Informal economy untapped source of market intelligence

Author: ANZETSE WERE (BusinessDaily)

The role of the informal economy or Micro and Small Enterprise (MSEs) in driving Kenya’s, indeed Africa’s, economy is increasingly being recognised.

The 2016 MSME survey by the Kenya National Bureau of Statistics revealed that the sector contributed about 34 per cent to GDP. Furthermore, about 90 per cent of employed Kenyans sit in the informal sector.

It is therefore a puzzle why this sector is not recognised as an expert reservoir of knowledge on purchasing habits as well as consumer and market intelligence in the country.

The reality is that most Kenyans buy and sell goods and services in the informal economy. A report on retail in Africa by Deloitte in 2015 indicated

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Investing in use of Data (Agri-Intelligence) key to growth in Agriculture in Kenya

Author: Gabriel Rugalemala & Willy Bett

African governments now more than ever require accurate, timely and accessible data to make informed decisions and better respond to their citizens’ development needs.

However, majority of them are facing immense challenges in generating, aggregating and analysing data in general regardless of the economic sectors. In many occasions it has often resulted in slow decision-making, poor co-ordination and inefficient resource allocation.

One of the main challenges is the limited capacity of national statistics offices and other primary data producers, especially in rural and peri-urban locations.

Nevertheless, the demand for data-driven decision-making has only increased as governments work to uplift the living standard of their citizens by increasing productivity, reducing costs and boosting revenues —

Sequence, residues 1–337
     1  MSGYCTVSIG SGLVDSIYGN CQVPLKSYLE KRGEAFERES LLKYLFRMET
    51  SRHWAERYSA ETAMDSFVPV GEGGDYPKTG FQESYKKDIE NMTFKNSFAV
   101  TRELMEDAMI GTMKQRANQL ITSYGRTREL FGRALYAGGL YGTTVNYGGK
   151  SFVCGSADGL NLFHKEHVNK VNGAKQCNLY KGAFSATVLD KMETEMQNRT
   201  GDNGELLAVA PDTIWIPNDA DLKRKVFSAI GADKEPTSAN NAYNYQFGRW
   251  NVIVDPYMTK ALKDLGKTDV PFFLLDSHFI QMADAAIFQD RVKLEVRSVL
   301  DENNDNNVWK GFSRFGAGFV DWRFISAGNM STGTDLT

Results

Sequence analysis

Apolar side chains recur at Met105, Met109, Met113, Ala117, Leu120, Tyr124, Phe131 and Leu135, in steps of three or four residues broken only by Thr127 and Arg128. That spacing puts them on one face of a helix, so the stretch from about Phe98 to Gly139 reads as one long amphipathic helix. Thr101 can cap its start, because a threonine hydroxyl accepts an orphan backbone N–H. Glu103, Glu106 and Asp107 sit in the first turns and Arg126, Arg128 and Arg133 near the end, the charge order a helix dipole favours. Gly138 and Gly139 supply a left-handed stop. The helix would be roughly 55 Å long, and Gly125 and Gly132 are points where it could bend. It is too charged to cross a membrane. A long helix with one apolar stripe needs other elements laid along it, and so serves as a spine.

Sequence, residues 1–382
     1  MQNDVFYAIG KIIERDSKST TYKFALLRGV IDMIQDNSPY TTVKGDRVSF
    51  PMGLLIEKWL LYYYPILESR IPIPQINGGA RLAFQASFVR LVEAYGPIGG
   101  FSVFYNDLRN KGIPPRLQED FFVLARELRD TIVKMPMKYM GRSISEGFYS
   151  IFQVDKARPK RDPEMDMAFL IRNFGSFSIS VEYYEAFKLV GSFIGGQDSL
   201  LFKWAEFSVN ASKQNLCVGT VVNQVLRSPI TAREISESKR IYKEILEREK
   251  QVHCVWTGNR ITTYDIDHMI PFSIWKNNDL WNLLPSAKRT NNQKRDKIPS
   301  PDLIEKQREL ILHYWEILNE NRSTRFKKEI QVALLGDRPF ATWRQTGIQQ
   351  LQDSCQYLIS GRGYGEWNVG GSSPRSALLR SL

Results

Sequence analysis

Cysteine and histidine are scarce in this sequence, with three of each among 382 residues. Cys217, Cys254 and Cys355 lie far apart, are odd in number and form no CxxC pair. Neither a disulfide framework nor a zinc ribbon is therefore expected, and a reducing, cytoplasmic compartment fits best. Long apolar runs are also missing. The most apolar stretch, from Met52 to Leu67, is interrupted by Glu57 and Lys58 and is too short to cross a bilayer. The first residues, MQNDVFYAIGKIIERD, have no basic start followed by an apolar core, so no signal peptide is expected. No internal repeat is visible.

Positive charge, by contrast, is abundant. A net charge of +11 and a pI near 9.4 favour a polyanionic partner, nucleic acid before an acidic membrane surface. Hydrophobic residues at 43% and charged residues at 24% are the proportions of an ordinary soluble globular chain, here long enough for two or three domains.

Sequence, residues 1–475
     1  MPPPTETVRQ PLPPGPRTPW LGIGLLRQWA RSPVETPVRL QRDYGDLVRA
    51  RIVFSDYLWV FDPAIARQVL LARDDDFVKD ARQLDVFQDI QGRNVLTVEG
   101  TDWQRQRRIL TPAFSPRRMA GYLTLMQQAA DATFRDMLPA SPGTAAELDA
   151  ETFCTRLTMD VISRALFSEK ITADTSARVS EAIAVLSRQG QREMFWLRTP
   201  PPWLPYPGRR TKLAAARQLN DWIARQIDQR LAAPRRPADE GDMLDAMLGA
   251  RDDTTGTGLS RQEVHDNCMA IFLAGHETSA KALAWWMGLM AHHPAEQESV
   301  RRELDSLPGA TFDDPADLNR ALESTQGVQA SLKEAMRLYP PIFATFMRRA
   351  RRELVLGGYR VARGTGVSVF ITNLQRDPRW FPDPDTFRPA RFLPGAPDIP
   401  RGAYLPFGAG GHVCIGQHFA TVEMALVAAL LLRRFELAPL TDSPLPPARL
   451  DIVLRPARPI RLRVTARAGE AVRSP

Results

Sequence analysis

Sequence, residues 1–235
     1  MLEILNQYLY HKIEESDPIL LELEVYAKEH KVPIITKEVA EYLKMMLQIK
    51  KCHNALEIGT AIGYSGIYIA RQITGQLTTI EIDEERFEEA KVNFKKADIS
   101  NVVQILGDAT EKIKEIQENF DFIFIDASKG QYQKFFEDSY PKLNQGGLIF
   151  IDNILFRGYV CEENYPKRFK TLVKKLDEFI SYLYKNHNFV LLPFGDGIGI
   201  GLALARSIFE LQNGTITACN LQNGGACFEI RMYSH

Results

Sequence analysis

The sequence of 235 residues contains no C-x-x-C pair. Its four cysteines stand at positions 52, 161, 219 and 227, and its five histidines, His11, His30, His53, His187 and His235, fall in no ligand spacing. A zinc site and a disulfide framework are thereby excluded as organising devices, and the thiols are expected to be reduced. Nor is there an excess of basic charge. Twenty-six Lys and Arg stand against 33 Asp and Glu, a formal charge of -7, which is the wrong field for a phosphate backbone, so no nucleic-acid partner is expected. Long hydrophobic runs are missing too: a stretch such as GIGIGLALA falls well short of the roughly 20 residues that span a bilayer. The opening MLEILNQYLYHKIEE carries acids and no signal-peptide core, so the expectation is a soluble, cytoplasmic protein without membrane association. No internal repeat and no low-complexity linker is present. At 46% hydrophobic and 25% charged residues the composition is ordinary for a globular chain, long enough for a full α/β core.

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The Hard Problem of Data Analytics in Africa

Author: Jeff Fletcher (itnewsafrica)

One of the attributes of really good technology is that it hides the complexity of what goes on in the background, while still being useful. Depending on how old you are, you may remember having to set up a TV by selecting UHF or VHF with a little switch and then slowly turning a dial until a picture appeared out of the fuzz. Then you’d adjust the “bunny ears” aerial, and twiddle the tuner again to see if you could make the image even better.

Modern TVs will do this all automatically for you. You choose an option in setup menu, and every nearby TV station is picked up and assigned to its own … Read More

Why Prescriptive Analytics Is the Future of Big Data

Author: Mark van Rijmenam (datafloq)

Big Data has ushered in an era of data analytics that is taking different forms, including prescriptive analytics. This type of business analytics helps you find the best approach for a specific circumstance. It is also considered the third or final part of business analytics, which also encompasses descriptive analytics and predictive analytics. Prescriptive analytics leverages predictive analytics and descriptive analytics to derive ideal outcomes or solutions from helping you solve business problems, and it is driving the future of Big Data. Here’s how:

Differences Between Prescriptive Analytics and Predictive Analytics

Raw data is plentiful in today’s digital age. Approximately 90 percent of today’s online data represents a compilation of data

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Get More Out of Your Web Analytics

Author: Filip Matous

Does this sound familiar? When your team reviews web analytics in your monthly marketing meeting, the person in charge of analytics reports says, “We got 123,456 visitors to our website this month.” Perhaps someone makes an effort to tie analytic metrics to business targets, but in no real depth, and the next item on the meeting agenda swiftly takes over without any action items being set as a result of the review.

The problem with this all-too-common approach is there is so much more to your website data than counting visitors — and there is more to your web analytics than reporting a number in a vacuum and moving on. By only giving one metric a cursory

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